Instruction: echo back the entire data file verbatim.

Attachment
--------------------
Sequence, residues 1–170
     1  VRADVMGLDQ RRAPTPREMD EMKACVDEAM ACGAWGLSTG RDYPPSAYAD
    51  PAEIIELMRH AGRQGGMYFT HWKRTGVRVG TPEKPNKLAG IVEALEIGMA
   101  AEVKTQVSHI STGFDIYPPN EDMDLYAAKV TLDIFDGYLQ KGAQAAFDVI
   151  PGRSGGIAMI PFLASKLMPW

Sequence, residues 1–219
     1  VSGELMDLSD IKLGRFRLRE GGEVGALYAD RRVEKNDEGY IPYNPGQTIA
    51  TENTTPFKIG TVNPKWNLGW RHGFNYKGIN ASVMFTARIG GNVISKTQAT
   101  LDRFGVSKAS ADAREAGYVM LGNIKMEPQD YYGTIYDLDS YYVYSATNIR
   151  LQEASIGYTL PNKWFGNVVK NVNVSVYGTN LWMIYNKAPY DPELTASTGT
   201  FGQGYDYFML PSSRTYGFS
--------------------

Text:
Sequence, residues 1–170
     1  VRADVMGLDQ RRAPTPREMD EMKACVDEAM ACGAWGLSTG RDYPPSAYAD
    51  PAEIIELMRH AGRQGGMYFT HWKRTGVRVG TPEKPNKLAG IVEALEIGMA
   101  AEVKTQVSHI STGFDIYPPN EDMDLYAAKV TLDIFDGYLQ KGAQAAFDVI
   151  PGRSGGIAMI PFLASKLMPW

Sequence, residues 1–219
     1  VSGELMDLSD IKLGRFRLRE GGEVGALYAD RRVEKNDEGY IPYNPGQTIA
    51  TENTTPFKIG TVNPKWNLGW RHGFNYKGIN ASVMFTARIG GNVISKTQAT
   101  LDRFGVSKAS ADAREAGYVM LGNIKMEPQD YYGTIYDLDS YYVYSATNIR
   151  LQEASIGYTL PNKWFGNVVK NVNVSVYGTN LWMIYNKAPY DPELTASTGT
   201  FGQGYDYFML PSSRTYGFS